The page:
Tuesday, 2 October 2012

EYFS lesson observation with Ofsted judgement criteria

This is an old post which I am leaving online - since it was written the Ofsted framework has changed considerably. There's a more up to date post here on my blog and I'd be delighted if you took a look at my new book, Successful Early Years Ofsted Inspections which is a detailed look at early years inspections under the Common Inspection Framework. If you're still interested in the history read on...

With the new Ofsted framework in place, I have been updating lots of forms and systems in the school where I work, and one of the trickiest has been how to record observations of teaching and learning in nursery. Our current version is available here - you are welcome to download it and use it, or adapt it. Please share your views and any feedback by commenting on this post.

There are a number of dilemmas here. First of all, typical approaches to "lesson observation" rarely feel appropriate to the EYFS. In my previous role as an advisory teacher, I was often finding that headteachers or senior leaders expected to come into nursery and see a "lesson being taught" - in other words, a group of children under the direct instruction of the nursery teacher. This, of course, represents only a small aspect of appropriate pedagogy in the EYFS.

Secondly, Ofsted require schools to have a clear view of the quality of teaching and learning, to be able to answer a question like "what proportion of teaching do you judge to be good?" But within a school, this can easily lead to high-pressure situations, with teachers feeling they have failed if they are observed as anything less than "good" (especially now that what used to be "satisfactory" has been retooled as "needs improvement").

Dr Ben Levin, formerly Deputy Minister for Education
for the Province of Ontario in Canada
I daresay we all want consistently good teaching, or better, for children in the EYFS. But this fixation on grading is not likely to bring about a culture of shared professional endeavour, or encourage teachers to experiment and take risks. I agree with Ben Levin's argument that it is important to create a "learning culture" amongst teachers, and all educators, in schools, in which there is trust and encouragement to share ideas and practice.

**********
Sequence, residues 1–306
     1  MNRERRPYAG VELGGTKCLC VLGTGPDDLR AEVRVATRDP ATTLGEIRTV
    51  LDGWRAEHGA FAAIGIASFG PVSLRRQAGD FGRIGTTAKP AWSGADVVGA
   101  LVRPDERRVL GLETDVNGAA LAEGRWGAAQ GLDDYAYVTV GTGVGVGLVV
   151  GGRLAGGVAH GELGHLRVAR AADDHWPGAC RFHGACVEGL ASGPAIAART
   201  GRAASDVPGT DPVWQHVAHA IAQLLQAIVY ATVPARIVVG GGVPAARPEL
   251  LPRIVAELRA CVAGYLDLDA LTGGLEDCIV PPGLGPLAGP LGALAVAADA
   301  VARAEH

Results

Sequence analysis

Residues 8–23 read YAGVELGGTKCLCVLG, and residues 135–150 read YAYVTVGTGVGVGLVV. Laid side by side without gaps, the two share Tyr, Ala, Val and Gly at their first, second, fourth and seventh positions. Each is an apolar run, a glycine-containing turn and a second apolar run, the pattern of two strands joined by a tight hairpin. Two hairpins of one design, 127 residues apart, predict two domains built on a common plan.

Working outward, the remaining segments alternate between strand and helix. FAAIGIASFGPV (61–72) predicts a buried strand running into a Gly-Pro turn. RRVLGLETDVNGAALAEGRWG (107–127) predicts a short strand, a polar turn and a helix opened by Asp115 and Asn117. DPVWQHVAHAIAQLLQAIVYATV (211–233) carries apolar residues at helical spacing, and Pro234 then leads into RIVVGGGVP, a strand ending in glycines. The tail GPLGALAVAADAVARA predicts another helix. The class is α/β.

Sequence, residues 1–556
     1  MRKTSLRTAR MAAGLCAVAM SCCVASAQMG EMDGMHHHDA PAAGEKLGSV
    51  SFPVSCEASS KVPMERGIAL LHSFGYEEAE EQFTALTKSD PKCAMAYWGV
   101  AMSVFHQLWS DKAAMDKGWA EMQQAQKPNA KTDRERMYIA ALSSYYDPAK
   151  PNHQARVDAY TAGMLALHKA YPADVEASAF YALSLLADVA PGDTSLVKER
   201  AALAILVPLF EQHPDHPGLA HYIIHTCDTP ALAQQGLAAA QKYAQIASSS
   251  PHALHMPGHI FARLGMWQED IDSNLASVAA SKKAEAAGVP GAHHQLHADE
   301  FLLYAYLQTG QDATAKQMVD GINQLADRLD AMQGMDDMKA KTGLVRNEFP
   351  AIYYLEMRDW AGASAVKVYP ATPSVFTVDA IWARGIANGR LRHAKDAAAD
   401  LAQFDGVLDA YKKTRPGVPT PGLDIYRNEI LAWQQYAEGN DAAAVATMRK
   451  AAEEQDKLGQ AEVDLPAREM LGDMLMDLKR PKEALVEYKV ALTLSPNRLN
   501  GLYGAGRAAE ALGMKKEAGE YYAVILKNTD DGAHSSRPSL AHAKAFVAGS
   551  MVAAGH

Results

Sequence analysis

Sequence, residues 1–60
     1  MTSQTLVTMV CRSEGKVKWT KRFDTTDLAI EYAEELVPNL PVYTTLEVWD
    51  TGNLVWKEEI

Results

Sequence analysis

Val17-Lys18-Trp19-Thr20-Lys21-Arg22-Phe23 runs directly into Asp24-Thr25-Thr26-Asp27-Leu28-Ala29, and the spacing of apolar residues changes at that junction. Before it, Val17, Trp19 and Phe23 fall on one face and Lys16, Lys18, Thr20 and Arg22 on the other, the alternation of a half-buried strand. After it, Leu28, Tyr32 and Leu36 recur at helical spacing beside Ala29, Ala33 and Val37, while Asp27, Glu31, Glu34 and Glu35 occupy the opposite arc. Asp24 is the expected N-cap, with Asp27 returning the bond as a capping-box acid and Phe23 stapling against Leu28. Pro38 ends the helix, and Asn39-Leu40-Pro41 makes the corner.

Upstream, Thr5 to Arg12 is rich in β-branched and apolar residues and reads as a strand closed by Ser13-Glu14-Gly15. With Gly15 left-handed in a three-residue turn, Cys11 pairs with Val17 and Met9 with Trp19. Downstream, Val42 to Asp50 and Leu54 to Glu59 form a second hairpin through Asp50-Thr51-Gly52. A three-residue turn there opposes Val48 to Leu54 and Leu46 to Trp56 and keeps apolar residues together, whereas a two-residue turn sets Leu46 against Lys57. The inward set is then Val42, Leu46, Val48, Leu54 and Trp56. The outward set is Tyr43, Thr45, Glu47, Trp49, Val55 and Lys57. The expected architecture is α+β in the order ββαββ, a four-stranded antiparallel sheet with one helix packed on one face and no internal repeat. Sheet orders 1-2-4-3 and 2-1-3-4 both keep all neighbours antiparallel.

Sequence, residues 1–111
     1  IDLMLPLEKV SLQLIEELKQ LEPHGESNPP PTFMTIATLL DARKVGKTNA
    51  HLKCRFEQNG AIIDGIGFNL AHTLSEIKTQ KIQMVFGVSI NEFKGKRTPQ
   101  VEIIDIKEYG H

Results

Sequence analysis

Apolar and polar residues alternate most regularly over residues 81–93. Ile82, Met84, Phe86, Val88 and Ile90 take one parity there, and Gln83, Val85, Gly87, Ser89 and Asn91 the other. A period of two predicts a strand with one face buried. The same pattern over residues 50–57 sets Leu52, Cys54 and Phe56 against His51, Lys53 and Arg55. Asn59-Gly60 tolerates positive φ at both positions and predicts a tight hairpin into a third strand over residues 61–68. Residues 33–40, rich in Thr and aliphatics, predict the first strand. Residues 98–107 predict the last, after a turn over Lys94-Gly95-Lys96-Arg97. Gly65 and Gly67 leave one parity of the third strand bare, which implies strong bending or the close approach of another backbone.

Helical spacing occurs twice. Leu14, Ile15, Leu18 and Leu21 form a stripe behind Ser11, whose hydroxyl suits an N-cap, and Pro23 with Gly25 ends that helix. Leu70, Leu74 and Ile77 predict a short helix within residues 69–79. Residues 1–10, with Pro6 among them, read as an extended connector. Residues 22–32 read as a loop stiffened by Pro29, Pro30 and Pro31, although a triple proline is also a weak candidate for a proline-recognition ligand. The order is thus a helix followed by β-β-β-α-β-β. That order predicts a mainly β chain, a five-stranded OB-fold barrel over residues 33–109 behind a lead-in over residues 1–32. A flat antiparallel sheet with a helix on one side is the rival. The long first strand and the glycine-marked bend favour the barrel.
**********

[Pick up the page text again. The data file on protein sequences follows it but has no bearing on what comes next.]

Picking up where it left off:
When an individual teacher is struggling with something, successful schools provide an environment where it is OK to be honest about what you find difficult, and an environment where colleagues will share their practice. Where there is undue emphasis on the grading of teaching, this type of collaboration may be discouraged, and the ethic of professionalism may be overwhelmed by an individualist desire to be the best, or at least better than the person next to you.

So, whilst it is necessary for observations to result in grading, this should be a subsidiary aim - the main aim of the headteacher or other senior leader must, surely, be to observe colleagues in order to help them to become better teachers. This requires a culture of shared endeavour, not a high stakes, pass/fail culture.

The question of how to judge what the previous EYFS usefully called the "enabling environment" is also difficult. I think that this is where the ECERS-R and ECERS-E scales are useful, as they give some very precise descriptions of quality resourcing and organisation for learning.